So, what can we do? Do we need to stop barbecuing entirely? Thankfully, there are ways to protect yourself and your family while you still enjoy the grill:
1. If you are going to grill meats, be sure to serve fresh, raw fruits and vegetables as side dishes. Most Israelis already seem to instinctively do this. Raw fruits and veggies are loaded with carotenoids and other phytochemicals that are noted for their anti-cancer properties. Use organic fruits and vegetables or course, as conventionally-grown are covered in the very substances we are trying to avoid!
2. Try grilling other items, not just meat. Vegetables don’t produce HCA’s or PAH’s and neither does tofu or veggie burgers. Try making veggie kabobs with your favorite veggies and tofu cubes. You can also make skewers that alternate bites of meat with vegetables or fruit. That way you’ll eat smaller portions of the meat.
Some other things that taste great on the grill are: Portabello mushroom “steaks”, potatoes or sweet potatoes, corn, pineapple, papaya and mango!
3. Cook meats at lower temperature for shorter times. One way is to pre-cook meats in the oven and then finish them quickly on the grill. Or buy smaller cuts of meat that take less time to cook through.
4. Select lean cuts of meat and trim the fat to reduce PAH’s. Or cook on top of a hot plate to reduce fat flare-ups.
5. Don’t eat blacked or burned meat or chicken. They have the highest levels of HCA.
6. Marinate meats before grilling. Some studies have show that marinades containing vinegar, red wine or lemon can reduce the formation of HCA’s.
7. Skip the hot dogs and other processed meats. They are just not worth it.
The bottom line is that from our earliest days on this planet, we humans have enjoyed gathering around a campfire, cooking food in the outdoors and sharing the experience with loved ones. There is something very profoundly healthy and probably cancer-preventing in doing that! But as our food supply becomes increasingly chemicalized and even the charcoal and lighter fluid we cook with would be unknown to our ancestors, we must practice caution and moderation. If we want a long-life of barbecuing ahead of us, we need to adapt some of the above steps to safe-guard our health.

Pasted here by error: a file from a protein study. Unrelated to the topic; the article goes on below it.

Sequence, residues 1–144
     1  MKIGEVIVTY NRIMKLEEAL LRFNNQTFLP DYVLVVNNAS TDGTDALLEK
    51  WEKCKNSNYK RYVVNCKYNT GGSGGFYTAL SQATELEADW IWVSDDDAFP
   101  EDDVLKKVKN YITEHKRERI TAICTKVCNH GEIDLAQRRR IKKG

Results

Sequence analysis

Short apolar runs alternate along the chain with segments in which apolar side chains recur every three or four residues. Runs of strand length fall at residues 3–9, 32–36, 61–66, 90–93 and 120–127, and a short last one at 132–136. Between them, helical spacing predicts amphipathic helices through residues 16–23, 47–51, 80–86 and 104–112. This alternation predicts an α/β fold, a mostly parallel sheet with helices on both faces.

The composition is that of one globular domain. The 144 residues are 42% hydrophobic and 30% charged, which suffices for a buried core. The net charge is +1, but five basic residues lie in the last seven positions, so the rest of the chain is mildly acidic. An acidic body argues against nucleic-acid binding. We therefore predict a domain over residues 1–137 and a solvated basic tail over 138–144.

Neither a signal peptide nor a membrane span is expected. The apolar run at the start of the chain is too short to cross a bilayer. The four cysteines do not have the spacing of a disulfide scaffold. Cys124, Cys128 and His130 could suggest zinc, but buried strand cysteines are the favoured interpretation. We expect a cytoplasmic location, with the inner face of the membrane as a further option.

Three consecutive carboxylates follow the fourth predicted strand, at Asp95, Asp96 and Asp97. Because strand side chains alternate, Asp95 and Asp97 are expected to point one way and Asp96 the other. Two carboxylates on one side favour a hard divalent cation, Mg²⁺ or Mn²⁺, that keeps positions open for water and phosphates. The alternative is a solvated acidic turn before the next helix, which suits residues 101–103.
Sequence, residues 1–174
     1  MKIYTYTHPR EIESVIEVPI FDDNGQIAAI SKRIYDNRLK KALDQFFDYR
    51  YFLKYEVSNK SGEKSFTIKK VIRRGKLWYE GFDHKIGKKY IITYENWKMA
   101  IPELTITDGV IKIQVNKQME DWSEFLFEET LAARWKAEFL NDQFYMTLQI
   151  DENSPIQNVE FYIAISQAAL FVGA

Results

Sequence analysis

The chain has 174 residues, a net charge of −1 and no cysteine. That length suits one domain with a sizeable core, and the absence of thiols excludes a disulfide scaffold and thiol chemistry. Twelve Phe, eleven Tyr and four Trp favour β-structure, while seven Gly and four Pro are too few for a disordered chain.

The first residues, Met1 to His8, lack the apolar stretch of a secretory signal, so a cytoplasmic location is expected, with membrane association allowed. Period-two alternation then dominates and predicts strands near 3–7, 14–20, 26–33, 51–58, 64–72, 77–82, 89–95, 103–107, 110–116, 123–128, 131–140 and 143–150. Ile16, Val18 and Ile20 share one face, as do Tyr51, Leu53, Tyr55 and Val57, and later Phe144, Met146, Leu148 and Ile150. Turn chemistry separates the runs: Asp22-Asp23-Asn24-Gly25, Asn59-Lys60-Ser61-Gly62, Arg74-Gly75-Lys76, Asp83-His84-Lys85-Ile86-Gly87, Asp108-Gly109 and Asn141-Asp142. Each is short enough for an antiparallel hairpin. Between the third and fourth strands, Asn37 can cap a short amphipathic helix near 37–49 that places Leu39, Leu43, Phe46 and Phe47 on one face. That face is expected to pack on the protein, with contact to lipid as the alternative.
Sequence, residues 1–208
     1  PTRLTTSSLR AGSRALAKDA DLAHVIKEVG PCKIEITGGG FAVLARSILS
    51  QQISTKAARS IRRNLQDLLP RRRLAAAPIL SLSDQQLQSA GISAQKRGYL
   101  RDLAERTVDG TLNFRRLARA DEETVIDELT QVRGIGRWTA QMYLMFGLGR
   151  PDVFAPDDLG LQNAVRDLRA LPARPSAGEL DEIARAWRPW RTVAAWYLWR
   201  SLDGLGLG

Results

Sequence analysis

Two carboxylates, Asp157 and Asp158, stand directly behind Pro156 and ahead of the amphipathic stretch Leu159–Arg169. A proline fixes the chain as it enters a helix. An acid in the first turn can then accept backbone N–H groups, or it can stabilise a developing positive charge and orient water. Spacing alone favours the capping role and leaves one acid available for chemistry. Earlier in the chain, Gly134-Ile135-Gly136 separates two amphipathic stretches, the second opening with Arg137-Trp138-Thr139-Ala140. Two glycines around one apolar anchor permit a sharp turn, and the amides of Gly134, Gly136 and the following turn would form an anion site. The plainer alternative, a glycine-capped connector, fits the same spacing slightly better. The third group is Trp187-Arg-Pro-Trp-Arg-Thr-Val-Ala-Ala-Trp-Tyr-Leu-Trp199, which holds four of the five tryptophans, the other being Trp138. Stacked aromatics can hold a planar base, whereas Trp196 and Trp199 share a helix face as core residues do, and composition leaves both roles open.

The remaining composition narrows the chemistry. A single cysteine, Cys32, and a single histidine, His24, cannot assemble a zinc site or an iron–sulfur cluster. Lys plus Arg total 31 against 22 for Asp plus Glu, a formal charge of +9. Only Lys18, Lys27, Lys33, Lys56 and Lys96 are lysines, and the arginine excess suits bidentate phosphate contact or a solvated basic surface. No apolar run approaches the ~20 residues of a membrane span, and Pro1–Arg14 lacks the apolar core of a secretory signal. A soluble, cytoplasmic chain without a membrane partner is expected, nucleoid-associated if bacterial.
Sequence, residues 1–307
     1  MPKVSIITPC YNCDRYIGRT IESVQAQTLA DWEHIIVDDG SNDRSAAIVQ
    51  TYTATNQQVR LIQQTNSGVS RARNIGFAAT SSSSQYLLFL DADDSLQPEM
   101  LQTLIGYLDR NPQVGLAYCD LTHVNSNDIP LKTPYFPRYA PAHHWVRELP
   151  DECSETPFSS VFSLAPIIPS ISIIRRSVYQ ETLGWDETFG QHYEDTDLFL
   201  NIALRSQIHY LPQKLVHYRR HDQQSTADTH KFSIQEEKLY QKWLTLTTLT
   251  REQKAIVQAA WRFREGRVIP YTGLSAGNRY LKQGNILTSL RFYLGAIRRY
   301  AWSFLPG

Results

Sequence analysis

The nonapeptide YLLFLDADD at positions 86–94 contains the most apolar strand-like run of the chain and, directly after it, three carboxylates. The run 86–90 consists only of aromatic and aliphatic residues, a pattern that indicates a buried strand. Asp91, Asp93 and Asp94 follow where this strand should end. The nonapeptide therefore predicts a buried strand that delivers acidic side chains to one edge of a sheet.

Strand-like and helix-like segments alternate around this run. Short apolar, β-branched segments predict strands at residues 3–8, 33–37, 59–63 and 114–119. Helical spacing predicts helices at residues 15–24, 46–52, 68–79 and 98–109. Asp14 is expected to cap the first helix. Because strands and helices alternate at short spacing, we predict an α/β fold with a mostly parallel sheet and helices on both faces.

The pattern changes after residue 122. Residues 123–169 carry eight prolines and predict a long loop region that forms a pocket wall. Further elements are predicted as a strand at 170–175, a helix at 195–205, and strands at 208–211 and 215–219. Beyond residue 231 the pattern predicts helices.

Here is a delicious, healthy marinade and/or sauce with an Asian twist to spread on those veggie-tofu kabobs:
Just stir all of the ingredients together and brush on the kabobs before putting them on the barbeque and again before or during grilling. And unlike meat marinades, you can continue brushing this sauce on the cooked kabob without danger of food poisoning.
The tradition of an Israeli breakfast, which is similar to the Arab breakfast, began in the early days of the 20th century on the kibbutz. Kibbutzniks would go out to the fields at the crack of dawn to work before the heat of the day, and they’d return home at 9AM to eat a giant breakfast consisting of fluffy omelettes, fresh salads made with cucumbers and sweet tomatoes, hummus, eggplant salad, pita and other breads, and homemade jams. This hearty breakfast spilled over into hotels starting in the 1930s, and now you can have an Israeli breakfast at most cafes and restaurants.
This Israeli tradition has become a weekend ritual in my home, sometimes an elaborate affair for guests, but always made with local ingredients from trips to dairy farms or the shuk. The Israeli breakfast is ideally a leisurely breakfast eaten with family and friends talking about current events, recent travels, or just catching up. In our house, we play early or classical music in the background, talk a little, read the newspaper, and read that book that we have been trying to finish for weeks.
I always make either a fresh herb omelette or frittata, with a selection of cheeses such as labne, Bulgarian feta, and cottage cheese, bread, olives, and jams. This weekend I made a Persian frittata called Kuku (pronounced KooKoo), which is a herb frittata that varies from region to region: some kukus are made with a Persian spice mixture called adviehis, which is a blend of cumin, cinnamon, cardamom, and dried rose petals. It is typically served in the Spring during the Persian New Year, Nowruz.
The kuku I made only called for allspice and saffron, but it was just enough spice to go with the herbs and vegetables in this recipe. This frittata is simply delicious and will definitely be served again on our table.
A good pinch of saffron (about 40 strands), soaked in 1 tablespoon boiling water
250g (1/2lb) fresh spinach, wilted in a hot frying pan with a little olive oil and a pinch of salt, then drained and roughly chopped
2 tablespoons finely chopped fresh parsley
1 tablespoon finely chopped fresh mint
Preheat a 25 cm (9 inch) round baking dish or ovenproof frying pan in the oven at 220C (425F).
Sprinkle the aubergine with a good pinch of salt and let stand for about 5 minutes. Pat the moisture off of the aubergine and set aside.
Heat the butter and 2 tablespoons of olive oil in a frying pan over medium heat and add the green onion and allspice. Saute for about a couple of minutes and then add the aubergine, stirring often until tender and making sure the onion does not burn. Remove from the heat and set aside.